With her guitar solo coming up, Bocchi's mind is overrun with dark thoughts as the despair sets in. She desperately doesn't want to be the reason why their big festival performance fails, but she sees no way out. However, Kita's hard work shows itself when she's able to ad-lib to cover for Bocchi and keep the song going. Spurred on by her bandmate's guts and confidence, Bocchi grabs a glass jar she sees nearby and begins bottleneck playing to compensate for her guitar being out of tune. The result is far better than the original idea as it gives the song a certain flavour during her solo bit, not to mention it hypes the crowd to no end to see the guitarist pull such cool tricks out of the bag under such heavy odds. Kessoku Band's performance of "To Become a Constellation" is received incredibly well by a full venue, and if one recalls Ryо̄ and Nijika's observation of the Shuka High gymnasium in Bocchi The Rock! episode 11, the place should be able to host a crowd 1000 strong.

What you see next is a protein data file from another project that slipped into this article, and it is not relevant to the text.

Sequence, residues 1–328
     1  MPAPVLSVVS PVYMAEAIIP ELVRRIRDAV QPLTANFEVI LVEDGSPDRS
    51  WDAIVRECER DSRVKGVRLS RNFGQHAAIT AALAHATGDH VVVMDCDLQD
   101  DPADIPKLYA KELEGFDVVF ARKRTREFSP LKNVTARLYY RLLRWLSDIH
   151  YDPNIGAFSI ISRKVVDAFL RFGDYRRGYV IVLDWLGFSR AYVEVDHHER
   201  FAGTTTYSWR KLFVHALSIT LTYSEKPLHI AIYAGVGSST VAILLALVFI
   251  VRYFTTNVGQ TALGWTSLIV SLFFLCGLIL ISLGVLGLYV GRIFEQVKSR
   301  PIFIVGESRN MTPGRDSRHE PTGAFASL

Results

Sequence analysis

At first glance, the premise of Bocchi The ROCK is reminiscent of something from decades past; a musical anime where, like this one, high school girls form a rock band, with the journey of the protagonist following from her beginner stage leading up to her mastery of one cool instrument: the guitar. With it being so similar at first glance, is it fair to see Bocchi The ROCK solely as a different interpretation of the same idea as the legendary 2010 Kyoto Animation music anime title, K-ON!? Or is this new kid on the block going to carve a name out for itself and turn out to be something entirely different?